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Last year, over 2,000 graduate workers at the University—representing a vast majority of the working graduate student body—declared that they had joined together to form a union. Earlier in the semester, a diverse group of students from various Columbia graduate schools found that there was widespread interest among peers in creating a labor union to improve their working conditions. After a successful campaign last fall, we reached out to the University's administration to be recognized as a union, which would allow us to collectively bargain with them over the terms of our labor.

We never got a direct answer. Instead, University President Lee Bollinger acknowledged this call for a more democratic university by hiring an expensive law firm—on Columbia's dime—to prevent a formal union vote.

In whose name was this decision made? In whose name is Bollinger fighting against our labor rights?

In the name of the students? Certainly not. Tuition for undergraduates has been steadily increasing, while students are taught in overcrowded classrooms by adjuncts with no job security. Better working conditions for graduate workers and adjuncts would help improve these subpar learning conditions. Moreover, the kind of academia we want to be a part of—the vision that is at the root of our drive to unionize—consists of a university where all actors, including undergraduates, have a voice in shaping the policies that materially impact their lives.

Is it being done in the name of the professors? That would imply that Bollinger misunderstands the academic relationship we graduate students have with the faculty, who serve as our advisers, which is distinct from the employment relationship we have with the University. A union aims at discussing the material conditions of our work–for example, the quality of our health care benefits, or our salary. These conditions are not decided in each individual case by professors, even for those of us who, as research assistants and postdocs, are funded through our advisers. They are instead managed at the university level. Whether we're unionized or not, therefore, does not make any difference to professors.

Could it be done in the name of graduate workers? Of course not, given that a majority of us want a union. In the name of the administrative support staff, then? Surely not, as most of them are members of the very local union we've been invited to join.

Then in whose name is Bollinger fighting this democratic choice? One can only wonder. In his effort to protect Columbia's $9.6 billion endowment, surely he hasn't forgotten the people who actually make up the University. After all, what is a nonprofit institution like Columbia if not the sum of its students, workers, and researchers?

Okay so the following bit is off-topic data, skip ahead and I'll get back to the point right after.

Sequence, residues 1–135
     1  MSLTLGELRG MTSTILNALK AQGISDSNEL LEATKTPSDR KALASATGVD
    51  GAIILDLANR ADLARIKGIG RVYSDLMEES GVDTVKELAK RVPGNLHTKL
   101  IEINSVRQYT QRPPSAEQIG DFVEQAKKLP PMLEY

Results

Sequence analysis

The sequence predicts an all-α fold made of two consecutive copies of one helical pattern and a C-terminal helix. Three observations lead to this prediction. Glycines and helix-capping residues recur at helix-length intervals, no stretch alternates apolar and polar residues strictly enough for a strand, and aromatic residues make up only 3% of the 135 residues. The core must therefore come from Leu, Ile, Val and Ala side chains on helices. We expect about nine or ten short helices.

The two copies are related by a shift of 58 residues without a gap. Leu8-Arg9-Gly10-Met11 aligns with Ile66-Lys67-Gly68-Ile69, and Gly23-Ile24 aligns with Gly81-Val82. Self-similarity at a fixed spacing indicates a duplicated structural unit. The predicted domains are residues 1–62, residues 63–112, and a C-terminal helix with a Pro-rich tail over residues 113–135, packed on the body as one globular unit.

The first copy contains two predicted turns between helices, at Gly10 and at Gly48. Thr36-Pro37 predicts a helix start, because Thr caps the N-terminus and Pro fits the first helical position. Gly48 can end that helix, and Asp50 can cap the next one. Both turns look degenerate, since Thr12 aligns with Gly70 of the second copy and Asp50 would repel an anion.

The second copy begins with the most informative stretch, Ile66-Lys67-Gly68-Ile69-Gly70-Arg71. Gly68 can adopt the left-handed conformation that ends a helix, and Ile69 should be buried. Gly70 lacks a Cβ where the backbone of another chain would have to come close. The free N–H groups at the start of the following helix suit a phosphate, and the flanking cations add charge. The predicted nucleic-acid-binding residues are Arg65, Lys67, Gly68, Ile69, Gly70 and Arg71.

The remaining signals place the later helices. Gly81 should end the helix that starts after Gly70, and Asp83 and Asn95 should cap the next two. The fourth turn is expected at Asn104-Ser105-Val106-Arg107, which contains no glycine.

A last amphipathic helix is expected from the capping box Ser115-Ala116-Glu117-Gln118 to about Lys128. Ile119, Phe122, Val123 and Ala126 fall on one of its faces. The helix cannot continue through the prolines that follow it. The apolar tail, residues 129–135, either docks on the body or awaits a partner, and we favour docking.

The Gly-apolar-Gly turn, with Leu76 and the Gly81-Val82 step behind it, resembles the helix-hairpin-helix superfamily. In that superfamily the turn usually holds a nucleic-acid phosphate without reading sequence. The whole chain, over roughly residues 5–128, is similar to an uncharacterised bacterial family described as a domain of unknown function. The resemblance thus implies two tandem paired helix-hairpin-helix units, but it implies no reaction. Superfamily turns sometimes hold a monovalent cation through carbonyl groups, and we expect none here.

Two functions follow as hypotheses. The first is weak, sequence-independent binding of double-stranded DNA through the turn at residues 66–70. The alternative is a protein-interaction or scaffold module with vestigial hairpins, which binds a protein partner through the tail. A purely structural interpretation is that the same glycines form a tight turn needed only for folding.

The drive to organize graduate workers at Columbia is far from an isolated phenomenon–we are not alone in making these demands. Just recently, the contingent faculty members of Barnard formed a union after recognizing that they could not be effective teachers without a voice in deciding their workplace conditions. Their movement is part of a larger undertaking, as is ours.

Graduate workers and adjuncts are pushing for recognition as full members of the academic community in campuses all across the country. Indeed, Columbia is not unique in being a university where students, teachers, and workers are beginning to question whether the educational institutions of today are faithful to their mission of collaborative education and research. Our movement to organize reflects a growing crisis in higher education around the nation.

We call on the Columbia administration to let a union vote be held. Additionally, we ask that the administration remain neutral in the process. Joining our colleagues at Harvard, the University of Chicago, The New School, Cornell, and over a dozen other institutions, we ask our universities to acknowledge that we are workers and to respect our voice. We want to help shape, together with the rest of the academic community, how education and research happen. We invite the Columbia community to join us.

Stéphane Benoist is a Ph.D. candidate in mathematics and a member of Graduate Workers of Columbia University.

To respond to this op-ed, or to submit an op-ed, contact opinion@columbiaspectator.com.

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